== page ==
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According to a poll, Thailand is divided over whether the country is ready for democracy. While 37 per cent of Thais support postponing elections until 2018 after the mourning period, another 32 per cent believe elections should be held this year as per the junta’s road-map for national development.

The findings come from a Suan Dusit poll of 1,192 Thais surveyed from 2–7 January 2017 on the theme ‘What do the people think about national reforms and elections?’, reports Thai Rath Online.

Overall, the survey results reflect a society divided over the best path forward for Thailand’s political development.

Has the junta developed the nation?

When asked whether the junta’s governance has improved the people’s livelihood, 36 per cent of Thais believe they have observed concrete improvements, with some respondents citing the junta’s 20 year road-map for national reform. A further 18 per cent of respondents believe the junta leader is at least genuinely determined to achieve reform.

However, 30 per cent of Thais do not believe the country has developed under the junta. This group believes many problems have accumulated over the last decade, problems that will take considerable time to solve. A further 17 per cent of Thais agree that there have not been concrete reforms and that political conflict still disturbs the country.  

Is national development related to elections?

When asked whether national development is related to elections, 71 per cent of respondents answered positively, saying that national development could help the electoral process have greater transparency, be fairer and have stricter oversight.

29 per cent of respondents, however, disagreed saying that corruption has occurred in the past even when preventative measures were in place. This is because the roots of corruption lie in the conscience of politicians themselves, rather than the system.

What should the government choose first: elections or development?

42 per cent of respondents believe national development needs to come before elections. Once problems in development are solved, the country will be ready for elections without risking conflict.

However, 38 per cent of respondents believe it is elections that should take precedence over national development. Only this can result in a government that represents the people and which is a product of a democratic system.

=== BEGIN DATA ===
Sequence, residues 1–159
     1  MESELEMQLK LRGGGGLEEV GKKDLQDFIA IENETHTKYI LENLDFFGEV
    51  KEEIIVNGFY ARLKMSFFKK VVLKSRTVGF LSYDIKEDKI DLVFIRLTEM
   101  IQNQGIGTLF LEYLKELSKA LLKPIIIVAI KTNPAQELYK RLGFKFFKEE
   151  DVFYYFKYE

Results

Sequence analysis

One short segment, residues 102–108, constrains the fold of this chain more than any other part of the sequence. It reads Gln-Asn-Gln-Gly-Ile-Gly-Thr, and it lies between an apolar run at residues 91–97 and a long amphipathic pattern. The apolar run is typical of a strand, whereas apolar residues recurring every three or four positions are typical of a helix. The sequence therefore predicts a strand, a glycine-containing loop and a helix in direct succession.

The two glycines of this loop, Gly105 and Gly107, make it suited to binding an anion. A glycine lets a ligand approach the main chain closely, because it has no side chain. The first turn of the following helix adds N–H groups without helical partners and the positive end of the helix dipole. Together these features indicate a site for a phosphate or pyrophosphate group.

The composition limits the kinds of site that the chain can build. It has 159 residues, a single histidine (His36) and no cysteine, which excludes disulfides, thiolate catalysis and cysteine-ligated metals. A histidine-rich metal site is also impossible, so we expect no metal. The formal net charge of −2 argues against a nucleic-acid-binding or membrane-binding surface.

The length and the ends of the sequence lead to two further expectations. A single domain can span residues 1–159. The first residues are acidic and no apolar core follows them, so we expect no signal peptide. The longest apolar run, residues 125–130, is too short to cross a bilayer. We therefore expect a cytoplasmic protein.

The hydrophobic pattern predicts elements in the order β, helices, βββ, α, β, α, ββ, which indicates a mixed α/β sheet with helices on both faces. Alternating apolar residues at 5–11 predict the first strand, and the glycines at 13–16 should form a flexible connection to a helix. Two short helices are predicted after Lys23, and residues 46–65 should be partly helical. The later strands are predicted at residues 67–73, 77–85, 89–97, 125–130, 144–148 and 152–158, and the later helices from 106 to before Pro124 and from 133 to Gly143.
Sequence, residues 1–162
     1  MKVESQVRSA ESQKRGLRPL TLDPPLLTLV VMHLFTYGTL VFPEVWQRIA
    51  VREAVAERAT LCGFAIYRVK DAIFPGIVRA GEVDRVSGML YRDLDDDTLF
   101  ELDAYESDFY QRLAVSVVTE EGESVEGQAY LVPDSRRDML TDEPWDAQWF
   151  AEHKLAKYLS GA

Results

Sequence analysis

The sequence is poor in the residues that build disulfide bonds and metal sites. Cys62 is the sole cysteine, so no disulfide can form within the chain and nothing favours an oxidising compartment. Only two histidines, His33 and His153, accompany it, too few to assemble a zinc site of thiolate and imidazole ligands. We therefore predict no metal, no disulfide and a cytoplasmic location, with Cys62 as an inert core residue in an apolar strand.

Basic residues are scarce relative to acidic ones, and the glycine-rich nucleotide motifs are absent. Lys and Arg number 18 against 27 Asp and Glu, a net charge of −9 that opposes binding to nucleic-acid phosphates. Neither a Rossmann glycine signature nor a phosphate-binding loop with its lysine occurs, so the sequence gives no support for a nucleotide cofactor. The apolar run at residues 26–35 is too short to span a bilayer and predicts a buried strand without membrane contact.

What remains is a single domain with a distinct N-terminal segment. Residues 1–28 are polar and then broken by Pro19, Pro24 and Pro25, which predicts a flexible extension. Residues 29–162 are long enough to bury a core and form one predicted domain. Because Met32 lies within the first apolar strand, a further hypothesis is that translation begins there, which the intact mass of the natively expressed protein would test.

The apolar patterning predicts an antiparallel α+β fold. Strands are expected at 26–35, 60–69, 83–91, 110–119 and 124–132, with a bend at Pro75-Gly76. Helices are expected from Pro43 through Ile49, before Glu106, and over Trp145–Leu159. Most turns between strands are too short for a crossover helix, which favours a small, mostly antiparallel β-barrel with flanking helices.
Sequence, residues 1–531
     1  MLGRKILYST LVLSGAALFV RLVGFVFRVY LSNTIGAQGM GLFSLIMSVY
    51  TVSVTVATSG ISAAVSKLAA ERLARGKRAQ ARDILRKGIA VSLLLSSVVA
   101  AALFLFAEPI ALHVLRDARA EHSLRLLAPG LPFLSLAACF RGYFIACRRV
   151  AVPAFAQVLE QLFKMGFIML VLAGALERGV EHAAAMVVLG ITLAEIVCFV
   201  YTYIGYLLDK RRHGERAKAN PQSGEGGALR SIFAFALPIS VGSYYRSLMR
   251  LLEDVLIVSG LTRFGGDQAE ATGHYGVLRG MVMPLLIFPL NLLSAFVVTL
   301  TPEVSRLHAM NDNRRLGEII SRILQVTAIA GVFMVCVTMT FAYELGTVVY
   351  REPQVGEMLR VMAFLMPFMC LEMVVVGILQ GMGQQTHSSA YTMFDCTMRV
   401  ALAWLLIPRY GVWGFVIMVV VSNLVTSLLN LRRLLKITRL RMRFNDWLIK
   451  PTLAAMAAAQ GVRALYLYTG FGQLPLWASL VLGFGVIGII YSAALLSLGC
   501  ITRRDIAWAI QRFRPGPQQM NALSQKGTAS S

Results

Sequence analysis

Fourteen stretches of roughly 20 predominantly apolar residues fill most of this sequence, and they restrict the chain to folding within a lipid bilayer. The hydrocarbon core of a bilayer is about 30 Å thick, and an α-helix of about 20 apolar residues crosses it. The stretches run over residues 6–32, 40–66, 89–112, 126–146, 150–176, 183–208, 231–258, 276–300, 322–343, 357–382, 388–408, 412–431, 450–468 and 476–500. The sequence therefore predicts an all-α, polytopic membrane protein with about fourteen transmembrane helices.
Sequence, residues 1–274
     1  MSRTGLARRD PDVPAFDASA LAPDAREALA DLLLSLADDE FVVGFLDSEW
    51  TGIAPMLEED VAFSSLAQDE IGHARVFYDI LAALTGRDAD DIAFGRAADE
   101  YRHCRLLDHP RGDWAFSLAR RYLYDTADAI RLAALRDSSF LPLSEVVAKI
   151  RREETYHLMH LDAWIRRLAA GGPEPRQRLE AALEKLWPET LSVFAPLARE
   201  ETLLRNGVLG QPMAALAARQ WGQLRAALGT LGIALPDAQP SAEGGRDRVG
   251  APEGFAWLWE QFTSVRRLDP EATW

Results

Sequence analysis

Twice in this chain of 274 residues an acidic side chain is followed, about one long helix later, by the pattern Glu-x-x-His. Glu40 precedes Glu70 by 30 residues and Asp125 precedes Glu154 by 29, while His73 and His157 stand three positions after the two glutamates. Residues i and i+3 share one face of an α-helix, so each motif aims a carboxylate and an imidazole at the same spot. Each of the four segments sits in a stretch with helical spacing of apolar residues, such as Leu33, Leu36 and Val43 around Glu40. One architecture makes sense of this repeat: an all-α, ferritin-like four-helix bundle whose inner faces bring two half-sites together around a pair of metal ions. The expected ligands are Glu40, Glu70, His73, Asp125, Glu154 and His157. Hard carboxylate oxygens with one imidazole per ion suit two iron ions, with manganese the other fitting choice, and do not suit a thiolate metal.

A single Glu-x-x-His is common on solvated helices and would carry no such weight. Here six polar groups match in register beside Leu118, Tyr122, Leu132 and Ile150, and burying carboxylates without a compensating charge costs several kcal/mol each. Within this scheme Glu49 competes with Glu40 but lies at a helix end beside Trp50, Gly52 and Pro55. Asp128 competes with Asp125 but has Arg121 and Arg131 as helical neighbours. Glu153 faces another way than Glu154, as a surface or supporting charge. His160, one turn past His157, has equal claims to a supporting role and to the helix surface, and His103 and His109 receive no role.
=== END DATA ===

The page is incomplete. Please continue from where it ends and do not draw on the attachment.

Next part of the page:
A further 21 percent of respondents believe national development and elections can come simultaneously. This group says national development is a lengthy process, while elections are themselves one crucial part of national development.

Is Thailand ready for elections?

Only a very slim majority — 51 per cent — believes Thailand is unready for elections, saying the country remains troubled by political conflict. This group worries elections will disturb peace by resulting in political mobilisation. Moreover, the problems that trouble Thai politics are difficult to solve.

However, 49 per cent believes Thailand is already ready for elections as per the junta’s road map, and would like to see the country governed by democracy. They feel politically awakened and see importance in elections.

Is delaying elections acceptable?

When asked about the junta’s intentions to postpone elections until 2018, 37 per cent agreed this was a favourable move because this year will have various important royal ceremonies that should not be disturbed. Moreover, the country remains in mourning period. Delaying elections will allow politicians, parties and the Election Commission of Thailand to ready themselves for the process.

Some 32 per cent disagreed with delaying democracy, saying that straying from the junta’s roadmap would result in only further problems. One possible effect would be damaging the country’s international image.

A further 31 per cent were not sure about the appropriate time for elections, since the country’s political situation seems presently in flux. They are happy to leave the decision with the government, being more concerned with their daily livelihoods.

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